Sam Morris / Las Vegas Sun
Tuesday, July 16, 2013 | 2 a.m.
Same building, different court and the loudest cheers for any game of the day. Former Rebel Anthony Marshall's NBA Summer League debut with the Miami Heat on Saturday was closer to the Mountain West tournament than a regular UNLV home game. It was all familiar yet a little off.
Take the uniform, for example. The Heat’s colors are only a few hues off from the Rebels’, but the difference is notable, especially when you factor in Marshall’s No. 57. It helps to show how far he has to go before he can once again choose his own number — likely the No. 3 he wore his entire collegiate career. But small things like that couldn’t possibly wipe off his postgame smile.
“Just having a jersey is an opportunity,” Marshall said Saturday night in the same tunnel he frequented before running out onto a red carpet.
The best way to get noticed at the Summer League is, obviously, to play great. Highlight plays and eye-popping stats have the same effect here as they do anywhere else.
Marshall’s seven points on 2-for-3 shooting didn’t really accomplish that. However, Marshall never looked overmatched on the court, and Miami’s run from a double-digit deficit to an 81-72 victory against the Toronto Raptors came after Marshall entered the game in the second half. He finished with a plus/minus of +26 in 19 minutes, meaning the Heat outscored the Raptors by that much while he was in the game.
Although he doesn’t deserve all the credit for that, it’s not a bad thing to be able to sell to a team. Any team.
“(This league) is like an interview,” said Marshall, who couldn’t work out for teams before the draft because of a leg injury. “You’re not only auditioning for one team but all the teams.”
Much like Cheyenne High grad Elijah Johnson, who’s playing with the Los Angeles Clippers, Marshall knows his chances of sticking with his current team are slim. Even if the Mojave High grad ends this week with an invite to the NBA Developmental League, it’s just as likely to come from another franchise as the Heat.
International scouts also are in attendance, but Marshall said he’ll leave that up to his agents at the Pensack Sports Management Group.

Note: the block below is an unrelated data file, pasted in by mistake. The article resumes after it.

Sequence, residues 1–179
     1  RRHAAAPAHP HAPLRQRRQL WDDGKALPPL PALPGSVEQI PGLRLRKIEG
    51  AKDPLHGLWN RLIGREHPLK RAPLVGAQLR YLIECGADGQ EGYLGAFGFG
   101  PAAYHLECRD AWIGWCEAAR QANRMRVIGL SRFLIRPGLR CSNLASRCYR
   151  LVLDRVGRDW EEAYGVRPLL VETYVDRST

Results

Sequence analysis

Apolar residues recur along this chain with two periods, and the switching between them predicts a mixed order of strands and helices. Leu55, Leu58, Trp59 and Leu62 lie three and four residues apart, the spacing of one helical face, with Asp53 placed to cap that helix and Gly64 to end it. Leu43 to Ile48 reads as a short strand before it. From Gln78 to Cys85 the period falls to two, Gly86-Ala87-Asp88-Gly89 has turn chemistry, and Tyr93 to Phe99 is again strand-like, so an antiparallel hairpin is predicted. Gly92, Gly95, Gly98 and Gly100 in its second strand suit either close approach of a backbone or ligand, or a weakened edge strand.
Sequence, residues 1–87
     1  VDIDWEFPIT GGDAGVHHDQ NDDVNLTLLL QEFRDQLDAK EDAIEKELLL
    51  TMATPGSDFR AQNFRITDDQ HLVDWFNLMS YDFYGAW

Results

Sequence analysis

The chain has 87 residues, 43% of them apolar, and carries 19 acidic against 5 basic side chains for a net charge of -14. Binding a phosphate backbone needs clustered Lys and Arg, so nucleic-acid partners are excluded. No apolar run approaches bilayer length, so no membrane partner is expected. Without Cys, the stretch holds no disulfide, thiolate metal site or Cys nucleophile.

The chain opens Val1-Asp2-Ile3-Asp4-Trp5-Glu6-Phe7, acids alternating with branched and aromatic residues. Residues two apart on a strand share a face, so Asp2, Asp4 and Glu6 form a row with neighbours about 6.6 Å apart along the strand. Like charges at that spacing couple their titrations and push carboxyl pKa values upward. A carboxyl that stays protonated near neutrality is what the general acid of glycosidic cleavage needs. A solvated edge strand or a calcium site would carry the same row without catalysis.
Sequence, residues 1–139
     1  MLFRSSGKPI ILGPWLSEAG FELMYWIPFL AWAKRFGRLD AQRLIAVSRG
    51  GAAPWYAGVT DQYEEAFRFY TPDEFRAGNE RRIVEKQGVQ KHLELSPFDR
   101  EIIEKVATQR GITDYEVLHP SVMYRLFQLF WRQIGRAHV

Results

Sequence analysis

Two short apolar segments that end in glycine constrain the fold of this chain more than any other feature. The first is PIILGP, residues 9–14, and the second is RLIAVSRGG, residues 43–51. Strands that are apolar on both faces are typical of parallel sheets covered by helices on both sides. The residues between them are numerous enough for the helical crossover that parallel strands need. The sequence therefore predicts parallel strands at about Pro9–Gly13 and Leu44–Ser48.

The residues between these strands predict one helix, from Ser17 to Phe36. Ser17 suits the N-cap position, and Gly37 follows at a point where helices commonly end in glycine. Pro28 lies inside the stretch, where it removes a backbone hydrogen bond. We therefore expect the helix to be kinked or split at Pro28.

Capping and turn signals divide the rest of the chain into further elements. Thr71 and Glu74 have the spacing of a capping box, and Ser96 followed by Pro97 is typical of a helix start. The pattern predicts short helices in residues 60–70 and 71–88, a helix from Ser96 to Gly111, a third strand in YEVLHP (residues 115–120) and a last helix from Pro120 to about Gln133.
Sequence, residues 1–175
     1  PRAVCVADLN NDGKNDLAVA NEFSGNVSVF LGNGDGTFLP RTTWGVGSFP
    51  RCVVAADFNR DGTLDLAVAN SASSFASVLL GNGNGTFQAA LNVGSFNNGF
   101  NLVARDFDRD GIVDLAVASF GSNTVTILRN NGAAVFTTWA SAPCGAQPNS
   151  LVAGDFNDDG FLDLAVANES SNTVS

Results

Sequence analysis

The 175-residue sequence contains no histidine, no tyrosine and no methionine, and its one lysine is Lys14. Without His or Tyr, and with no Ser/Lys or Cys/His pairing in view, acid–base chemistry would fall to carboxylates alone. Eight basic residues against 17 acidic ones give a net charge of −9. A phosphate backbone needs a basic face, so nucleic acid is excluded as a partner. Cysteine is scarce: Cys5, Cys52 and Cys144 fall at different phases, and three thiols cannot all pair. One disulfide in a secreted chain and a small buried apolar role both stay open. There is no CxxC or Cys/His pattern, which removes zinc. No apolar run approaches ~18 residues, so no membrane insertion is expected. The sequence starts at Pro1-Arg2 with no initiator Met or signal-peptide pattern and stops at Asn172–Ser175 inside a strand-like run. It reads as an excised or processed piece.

“We’re concentrating on the right now,” Marshall said.
Ben and Adam Pensack also represent former Colorado State big man Colton Iverson, with whom Marshall spoke before signing with the brothers. He said he feels they’ll work hard for him, just as he’ll work hard for himself in Miami’s games.
On Sunday, the combo guard moved into the starting lineup and struggled, committing eight turnovers with no assists. He also scored 10 points on 4-for-7 shooting and grabbed two rebounds in 22 minutes.
It’s a setback, sure, but Marshall’s first Summer League experience is more about the long-term possibilities than the ups and downs of his games, which continue at 1 p.m. Tuesday against Shabazz Muhammad and the Minnesota Timberwolves in the Cox Pavilion. When he’s on the bench, Marshall sidles up to the Heat coaching staff to soak up as much information as possible. On the court, he talks to the refs about how their judgment of the game differs from what he’s seen at the collegiate level.
Marshall said he lesson he’s learned is to slow down and let things come to him. The adjustment is going to be difficult enough without Marshall getting in his own way, as he may have done in the second half Sunday.
Like most players who fill out the 22 rosters that will begin tournament play Wednesday, Marshall has an uncertain future. All he can do is hope the right people see his potential and give him a chance to play this year.
Whether it happens or not, Marshall has a story that will last a lifetime — about beginning this journey in front of some of the same people who witnessed his last one.
“This is something I can tell my kids and my grandkids about,” Marshall said.